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Planning for successful weaning on pasture

Jack C. Whittier Published on 01 September 2011
Weaning calves eating high-quality forage

As weaning time approaches for many cow-calf producers, it may be useful to review your management practices to be certain you are prepared.

Having healthy calves is an important component of successful marketing of calves sold at or near weaning, as well as to assure that calves moving into stocker programs will continue to grow and gain weight effectively.

According to the National Animal Health Monitoring System, the majority (75.7 percent) of beef cattle operations with 200 or more beef cows had spring calving seasons, as did t he majority of operations in the West region (78.8 percent. See NAHMS, Beef 2007 – 2008 Part V: Reference of Beef Cow-calf Management Practices in the United States, 2007 – 2008, April 2010).

This practice of spring calving is largely driven by forage growth and weather. Calves born in the spring are therefore most often weaned during late summer and fall; hence the time to prepare is now.

In a factsheet publication from New Mexico State University, Clay Mathis and Boone Carter provided several important tips for minimizing stress on calves at time of weaning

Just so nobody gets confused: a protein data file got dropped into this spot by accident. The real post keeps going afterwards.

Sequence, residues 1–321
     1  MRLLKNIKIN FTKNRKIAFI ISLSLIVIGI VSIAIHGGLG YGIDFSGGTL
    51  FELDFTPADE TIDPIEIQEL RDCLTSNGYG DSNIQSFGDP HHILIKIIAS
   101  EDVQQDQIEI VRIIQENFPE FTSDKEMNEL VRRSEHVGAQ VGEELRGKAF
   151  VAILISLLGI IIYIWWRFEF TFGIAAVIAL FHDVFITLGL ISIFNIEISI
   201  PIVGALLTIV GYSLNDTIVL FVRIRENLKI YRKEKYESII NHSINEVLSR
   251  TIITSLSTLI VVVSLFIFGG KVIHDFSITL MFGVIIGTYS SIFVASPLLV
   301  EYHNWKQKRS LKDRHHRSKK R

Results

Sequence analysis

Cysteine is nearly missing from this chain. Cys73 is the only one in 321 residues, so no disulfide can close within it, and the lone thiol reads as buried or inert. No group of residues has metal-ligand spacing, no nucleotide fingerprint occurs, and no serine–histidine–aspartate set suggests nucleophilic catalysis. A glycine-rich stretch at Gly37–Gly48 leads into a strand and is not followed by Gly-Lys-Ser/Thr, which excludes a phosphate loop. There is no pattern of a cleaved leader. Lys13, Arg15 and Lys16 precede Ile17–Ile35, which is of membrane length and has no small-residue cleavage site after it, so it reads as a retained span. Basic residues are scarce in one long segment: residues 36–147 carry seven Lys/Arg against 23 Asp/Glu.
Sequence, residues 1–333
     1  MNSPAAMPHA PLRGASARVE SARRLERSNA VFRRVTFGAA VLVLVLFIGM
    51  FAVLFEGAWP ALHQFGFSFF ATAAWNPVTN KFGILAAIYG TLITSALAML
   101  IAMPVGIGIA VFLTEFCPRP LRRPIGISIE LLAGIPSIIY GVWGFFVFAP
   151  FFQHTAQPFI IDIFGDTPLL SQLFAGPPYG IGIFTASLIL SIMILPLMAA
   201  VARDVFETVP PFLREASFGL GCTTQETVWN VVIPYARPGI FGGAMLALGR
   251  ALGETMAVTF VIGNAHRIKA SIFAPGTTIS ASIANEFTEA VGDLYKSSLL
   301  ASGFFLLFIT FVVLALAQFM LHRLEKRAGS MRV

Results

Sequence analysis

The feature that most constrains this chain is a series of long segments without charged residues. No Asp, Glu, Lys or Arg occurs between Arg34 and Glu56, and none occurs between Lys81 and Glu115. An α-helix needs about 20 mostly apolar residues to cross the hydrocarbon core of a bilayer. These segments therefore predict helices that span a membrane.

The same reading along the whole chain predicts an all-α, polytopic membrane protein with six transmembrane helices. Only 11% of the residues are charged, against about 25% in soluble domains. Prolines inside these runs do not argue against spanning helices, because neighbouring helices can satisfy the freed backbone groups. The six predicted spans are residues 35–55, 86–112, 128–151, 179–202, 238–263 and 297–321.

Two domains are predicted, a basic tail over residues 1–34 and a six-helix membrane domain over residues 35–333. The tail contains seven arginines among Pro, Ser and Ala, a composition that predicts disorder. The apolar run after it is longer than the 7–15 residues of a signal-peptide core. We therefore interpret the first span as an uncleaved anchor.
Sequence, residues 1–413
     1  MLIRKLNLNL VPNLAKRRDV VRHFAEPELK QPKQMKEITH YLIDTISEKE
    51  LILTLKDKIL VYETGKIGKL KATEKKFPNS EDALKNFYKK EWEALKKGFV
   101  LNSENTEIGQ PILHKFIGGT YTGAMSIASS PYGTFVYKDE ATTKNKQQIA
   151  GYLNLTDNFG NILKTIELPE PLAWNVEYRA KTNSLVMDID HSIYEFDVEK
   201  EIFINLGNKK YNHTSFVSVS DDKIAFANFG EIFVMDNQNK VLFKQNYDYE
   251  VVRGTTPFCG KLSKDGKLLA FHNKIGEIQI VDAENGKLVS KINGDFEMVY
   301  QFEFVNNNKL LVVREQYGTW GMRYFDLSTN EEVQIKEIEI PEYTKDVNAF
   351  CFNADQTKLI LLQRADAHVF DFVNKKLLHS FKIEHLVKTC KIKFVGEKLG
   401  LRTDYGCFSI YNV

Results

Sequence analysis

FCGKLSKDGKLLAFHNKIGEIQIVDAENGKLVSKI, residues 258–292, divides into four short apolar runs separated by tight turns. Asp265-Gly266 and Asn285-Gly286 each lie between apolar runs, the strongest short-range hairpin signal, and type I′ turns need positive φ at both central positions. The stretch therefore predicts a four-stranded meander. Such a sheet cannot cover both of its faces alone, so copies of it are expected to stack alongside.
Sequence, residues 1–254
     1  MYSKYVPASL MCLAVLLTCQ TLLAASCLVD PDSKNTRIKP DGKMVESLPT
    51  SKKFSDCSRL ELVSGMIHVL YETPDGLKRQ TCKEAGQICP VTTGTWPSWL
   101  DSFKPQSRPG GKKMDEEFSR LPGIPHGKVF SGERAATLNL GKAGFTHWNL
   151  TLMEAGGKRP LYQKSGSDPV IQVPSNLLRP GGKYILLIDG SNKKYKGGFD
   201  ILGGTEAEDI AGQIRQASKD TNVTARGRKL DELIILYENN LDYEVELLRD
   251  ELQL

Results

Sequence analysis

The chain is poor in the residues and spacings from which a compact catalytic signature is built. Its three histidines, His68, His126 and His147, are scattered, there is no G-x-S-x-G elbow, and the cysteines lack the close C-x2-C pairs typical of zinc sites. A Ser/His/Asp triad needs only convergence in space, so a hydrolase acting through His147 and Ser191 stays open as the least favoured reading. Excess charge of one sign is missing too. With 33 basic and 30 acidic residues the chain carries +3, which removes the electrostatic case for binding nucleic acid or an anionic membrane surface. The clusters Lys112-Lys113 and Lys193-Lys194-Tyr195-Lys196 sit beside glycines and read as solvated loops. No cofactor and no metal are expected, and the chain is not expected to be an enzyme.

(See Minimizing Weaning Stress on Calves, Guide B-221 by New Mexico Cooperative Extension). These tips are to:

  • Provide calves access to the weaning area (pen, trap or pasture) a few weeks prior to weaning so calves do not undergo the stress of environment change at weaning.
  • At weaning, move the cows to a new location when cows and calves are separated at weaning. Do not move the calves.
  • Allow fenceline contact between calf and dam for four to seven days following weaning. Fences should be sturdy and allow nose-to-nose contact while preventing nursing.
  • If fenceline contact is not practical, move cows far enough away that they cannot hear the calves vocalizing.
  • If weaning in a drylot or corral, place feedbunks, hay and water troughs along the fence to minimize perimeter walking and increase encounters with feed and water.
  • Placing large water troughs inside the pen and letting water troughs overflow slightly may attract calves to the water and help calves accustomed to drinking from live water sources adjust to troughs and to the sounds that occur when the float is activated.
  • Do not add unnecessary stress by castrating, dehorning or branding calves at weaning. These practices should be completed at least three weeks before weaning and preferably prior to 3 months old.

Many producers have learned that allowing calves access to grazing at and after weaning is an economical practice to avoid illness in weaned calves, particularly respiratory illnesses due to dust.

Since calves are generally on pasture with the cows prior to weaning, the stress of weaning is lower when calves stay on a diet and in an environment they are accustomed to.

Managing pastures, therefore, becomes an important aspect of preparing for successful, low-stress weaning.

Weaning calves grazing